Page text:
Before we became parents, we were typical Silicon Valley professionals with a 24/7 job and long commutes. Our dinner conversations were interrupted by work emails on smart watches. When we met with friends who had kids, we always longed to have one (or a couple) ourselves but often we would ask each other the question – ‘where’s the time?’ Then, we took the plunge.


I was diagnosed with hyperemesis gravidarum, an inability to keep any solid or liquid down, during my pregnancy. I was left very feeble and struggled to keep up with work. That’s when I literally started having nightmares about being left behind in the race, which set forth a cycle of endless throwing up, anxiety and depression.


We knew at this moment that I wouldn’t be happy taking a backseat in my career even after my baby gets here. If we wanted to make this work, my husband would need to support my career goals, and be an invested parent and husband.


My husband had been my biggest supporter and advocate. I have a knack of getting involved with myriad things even outside the scope of my immediate responsibilities and he has never complained about me carving out time for them. But what was different about parenting was that I didn’t know what to expect and couldn’t hand over a ‘to-dos list’. So really the only conversation we had while we were expecting was – ‘Haven’t I been a much better partner than you expected?! (Yes, some amount of self-bragging was involved here). I promise I’m not going to be a horrible dad.’


Fast forward to when we welcomed the apple of our eye – Avi. I was exhausted after a long labor, so my husband took complete charge. I distinctly remember him telling me that I needed to learn how to change diapers when he was going back to work after being with us for 2 weeks. During Avi’s first month visit to the doctor, I couldn’t undress him since I had never done it before. My husband had happily taken it upon himself to give me relief when I wasn’t nursing.


Four months of maternity leave just flew by, and despite it being a lot of work, we thanked God every day for the gift. Aren’t they adorable? Then began the separation anxiety! I knew it was going to be harder for me than for Avi to be gone for 10 hrs every day of the week. I also knew that to sustain my career goals, I would need to lean in to it a 100%. If I were going back full-time, I wouldn’t be happy if I didn’t move up the corporate ladder. Yet I cried at the very thought of not seeing Avi for long hours, and potentially days if I was traveling.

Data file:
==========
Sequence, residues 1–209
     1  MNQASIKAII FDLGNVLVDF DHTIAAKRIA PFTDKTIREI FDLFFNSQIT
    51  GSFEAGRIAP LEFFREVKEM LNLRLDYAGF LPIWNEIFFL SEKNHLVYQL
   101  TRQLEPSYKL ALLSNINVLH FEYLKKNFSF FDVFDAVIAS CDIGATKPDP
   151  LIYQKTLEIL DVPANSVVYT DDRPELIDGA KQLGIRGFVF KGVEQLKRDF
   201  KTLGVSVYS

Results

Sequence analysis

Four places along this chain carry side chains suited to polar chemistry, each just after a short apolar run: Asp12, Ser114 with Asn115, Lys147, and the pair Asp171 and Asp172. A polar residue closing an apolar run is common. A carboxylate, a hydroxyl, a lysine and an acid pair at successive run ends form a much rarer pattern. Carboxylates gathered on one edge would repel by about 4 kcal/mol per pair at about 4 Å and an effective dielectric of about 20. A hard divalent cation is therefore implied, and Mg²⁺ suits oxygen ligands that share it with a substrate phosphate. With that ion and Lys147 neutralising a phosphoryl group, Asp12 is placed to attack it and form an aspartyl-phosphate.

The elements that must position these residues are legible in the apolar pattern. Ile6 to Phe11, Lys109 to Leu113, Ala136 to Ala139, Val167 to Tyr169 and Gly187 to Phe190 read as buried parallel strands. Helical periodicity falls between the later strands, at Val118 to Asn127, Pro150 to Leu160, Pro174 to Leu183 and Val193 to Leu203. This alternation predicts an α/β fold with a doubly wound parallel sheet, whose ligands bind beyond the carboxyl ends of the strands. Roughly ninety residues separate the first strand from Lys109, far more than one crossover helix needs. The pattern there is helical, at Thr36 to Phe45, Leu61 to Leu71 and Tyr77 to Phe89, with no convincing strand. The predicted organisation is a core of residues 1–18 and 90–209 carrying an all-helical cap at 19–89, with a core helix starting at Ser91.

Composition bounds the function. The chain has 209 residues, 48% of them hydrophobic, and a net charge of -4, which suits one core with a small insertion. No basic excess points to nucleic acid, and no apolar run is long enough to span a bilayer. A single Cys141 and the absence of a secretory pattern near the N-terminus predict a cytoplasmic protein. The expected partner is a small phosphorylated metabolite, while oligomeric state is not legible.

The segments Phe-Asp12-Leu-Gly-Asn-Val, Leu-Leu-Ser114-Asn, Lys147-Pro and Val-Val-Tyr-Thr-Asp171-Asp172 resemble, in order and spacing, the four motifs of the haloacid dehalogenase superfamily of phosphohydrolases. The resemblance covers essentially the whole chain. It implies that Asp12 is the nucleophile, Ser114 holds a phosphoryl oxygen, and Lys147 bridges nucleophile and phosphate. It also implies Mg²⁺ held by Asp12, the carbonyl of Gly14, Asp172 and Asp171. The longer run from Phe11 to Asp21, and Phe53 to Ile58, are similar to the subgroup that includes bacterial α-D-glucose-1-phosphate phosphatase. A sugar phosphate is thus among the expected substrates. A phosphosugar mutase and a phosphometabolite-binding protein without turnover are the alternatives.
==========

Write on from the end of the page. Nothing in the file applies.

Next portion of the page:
When I was still coping with my own struggles, my husband offered to use four weeks of his paternity leave to help me ease into work. I was very surprised because I had assumed that we would use that time for a vacation or for visiting our families. But I started warming up to it because I trusted my husband to care for Avi better than anyone else (except myself at that point). Both him and I agreed on parenting philosophies, which was a constant battle with our parents.


While I looked at it as him going out of his way to help me out with getting back to work (not an easy task, I tell you!), my husband was getting more and more excited about spending time with Avi. Not a day passed without him exclaiming how much we was looking forward to being with our little guy!


On the D-day, I issued him a long list of instructions, tips and tricks before leaving for work. His response – ‘Don’t worry, I’ll figure it out!’.


Avi had very stubbornly refused to take a bottle until then and preferred to be breastfed. We had consulted a pediatrician, a lactation consultant and zillions of mommy blogs, and tried everything without any success! On day 1, my husband patiently fed Avi 60 ml milk (2 oz) with a 1ml dropper. He was whiny without mommy, so my husband walked him in a park for 3 hrs. Yes, I messaged million times and with every message, I was more and more reassured in my husband’s ability to care for Avi.


Now, after 4 weeks, here’s how things stand. Avi has become very attached to daddy and looks forward to spending time with him. (It isn’t any different for daddy). He is taking a bottle from daddy. (Mommy hasn’t had any luck yet). Daddy has extended his leave by 2 weeks because the time went by too fast and he would need to get on the road (err, the plane) as soon as he gets back! So while daddy is still home, this Father’s Day is special for us, and though I was planning to give daddy some respite from child care by sending him away for a ‘boy’s day out’ with friends, he has decided to spend the day with our 5-month old doing stuff that a 5-month old and his daddy can enjoy together. (Still figuring out what they are. Suggestions welcome!).




By Namrta Raghvendra
Strategist. Storyteller. Data-driven marketer.